“But what is the importance of the matter? (The virgin birth of Christ.) That question has loomed large in recent discussion, and some have held that although they accept the virgin birth of Christ themselves they can make common cause in Christian service with those who do not accept it. But this indifferentist position is really almost worse from the Christian point of view than any doctrinaire denial could be. As a matter of fact the virgin birth is of central importance for Christian faith.
In the first place, it is important because of its bearing upon the question of the authority of the Bible. No one denies that the attestation of the virgin birth forms an integral part of the Bible; it is not a question whether the Bible teaches the virgin birth but whether, teaching the virgin birth as it admittedly does, the Bible is true or false. We must therefore face the question frankly. If the Bible has allowed myth to enter at this point into the representation not of something on the periphery but of Christ himself, then Scripture authority is gone, and some different basis must be sought for Christian doctrine and Christian life. Deny the virgin birth of Christ, and you must relinquish the authority of the Bible; accept the virgin birth and you may continue to regard the Bible as the very Word of God.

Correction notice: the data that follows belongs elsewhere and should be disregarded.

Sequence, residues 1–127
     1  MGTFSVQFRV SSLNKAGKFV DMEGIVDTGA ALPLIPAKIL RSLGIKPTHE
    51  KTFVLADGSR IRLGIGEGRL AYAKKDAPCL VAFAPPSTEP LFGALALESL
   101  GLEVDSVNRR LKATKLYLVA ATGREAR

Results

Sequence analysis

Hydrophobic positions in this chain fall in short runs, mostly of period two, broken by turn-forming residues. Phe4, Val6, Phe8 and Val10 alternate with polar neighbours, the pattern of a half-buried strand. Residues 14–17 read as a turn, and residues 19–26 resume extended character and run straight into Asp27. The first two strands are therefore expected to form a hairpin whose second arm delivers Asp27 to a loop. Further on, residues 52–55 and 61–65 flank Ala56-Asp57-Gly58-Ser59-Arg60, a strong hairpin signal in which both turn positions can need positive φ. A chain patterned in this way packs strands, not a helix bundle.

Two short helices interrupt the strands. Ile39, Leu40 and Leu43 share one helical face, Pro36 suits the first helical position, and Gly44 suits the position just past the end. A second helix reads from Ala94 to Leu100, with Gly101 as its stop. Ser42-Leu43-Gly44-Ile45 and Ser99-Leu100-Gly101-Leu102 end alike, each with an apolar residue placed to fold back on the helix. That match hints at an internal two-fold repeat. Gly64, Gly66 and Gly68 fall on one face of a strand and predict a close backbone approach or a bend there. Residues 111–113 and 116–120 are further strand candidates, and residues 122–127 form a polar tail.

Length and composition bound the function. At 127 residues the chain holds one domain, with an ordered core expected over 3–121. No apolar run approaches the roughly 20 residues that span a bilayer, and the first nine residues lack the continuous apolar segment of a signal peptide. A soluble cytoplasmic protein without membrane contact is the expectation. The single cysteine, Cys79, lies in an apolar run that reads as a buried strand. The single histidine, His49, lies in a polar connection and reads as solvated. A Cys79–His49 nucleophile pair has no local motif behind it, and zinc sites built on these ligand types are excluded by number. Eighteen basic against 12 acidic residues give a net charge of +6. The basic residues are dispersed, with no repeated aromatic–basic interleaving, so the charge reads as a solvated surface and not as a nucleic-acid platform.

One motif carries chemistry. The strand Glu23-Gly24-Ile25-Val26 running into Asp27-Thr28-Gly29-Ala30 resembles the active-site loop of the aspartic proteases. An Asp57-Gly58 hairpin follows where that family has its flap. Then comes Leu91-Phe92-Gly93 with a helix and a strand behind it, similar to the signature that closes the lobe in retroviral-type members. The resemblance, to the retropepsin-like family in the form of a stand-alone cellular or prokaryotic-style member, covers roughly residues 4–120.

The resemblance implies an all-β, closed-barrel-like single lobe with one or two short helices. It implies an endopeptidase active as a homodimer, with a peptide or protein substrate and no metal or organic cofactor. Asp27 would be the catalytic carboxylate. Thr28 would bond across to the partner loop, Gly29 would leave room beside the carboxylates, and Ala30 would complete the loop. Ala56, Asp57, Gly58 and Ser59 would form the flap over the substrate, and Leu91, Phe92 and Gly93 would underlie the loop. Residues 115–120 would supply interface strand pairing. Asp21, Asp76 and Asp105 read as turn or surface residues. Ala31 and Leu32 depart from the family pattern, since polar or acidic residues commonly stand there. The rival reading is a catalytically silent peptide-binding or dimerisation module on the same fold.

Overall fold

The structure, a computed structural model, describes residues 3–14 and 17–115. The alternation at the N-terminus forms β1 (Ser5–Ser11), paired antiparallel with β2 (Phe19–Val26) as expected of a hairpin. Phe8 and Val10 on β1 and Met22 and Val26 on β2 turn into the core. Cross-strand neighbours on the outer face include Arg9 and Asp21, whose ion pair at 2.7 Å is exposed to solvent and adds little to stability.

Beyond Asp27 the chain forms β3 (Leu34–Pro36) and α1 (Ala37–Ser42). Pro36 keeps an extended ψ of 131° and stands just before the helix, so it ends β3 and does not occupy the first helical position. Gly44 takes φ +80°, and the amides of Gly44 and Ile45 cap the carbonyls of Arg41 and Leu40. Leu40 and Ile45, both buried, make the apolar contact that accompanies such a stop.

In the second place, the virgin birth is a test as to the view which a man holds in general, about Christ. Two opposite views of Jesus of Nazareth are struggling for the ascendancy in the Church today. According to one view He was a teacher who initiated a new type of religious life, who founded Christianity by being the first Christian; according to the other view He was the eternal Son of God who came voluntarily into this world from outside the world and who founded Christianity by redeeming men from the guilt and power of sin. The conflict between these two views is the conflict between naturalism and supernaturalism; and that is a conflict not between two varieties of Christianity, but between two mutually exclusive religions. But how can we tell which view any individual holds? Conceivably one might ask him whether he believes in the deity of Christ. But unfortunately the word “deity” or the word “god” has been degraded so low in Modernist parlance that when the Modernist says that “Jesus is God” he means something even far more remote from Christian belief than the Unitarian meant when he said that “Jesus is not God.” Or it may conceivably be asked whether the individual in question believes in the resurrection. But here again the answer may mean nothing; since the word resurrection is often interpreted (quite absurdly, it is true) to mean simply the continued existence of Jesus or his continued influence, and not to involve the miracle of the emergence of His body from the tomb. But, over against all such ambiguities, when a man says that he believes Jesus to have had no human father, one can tell pretty clearly where he stands.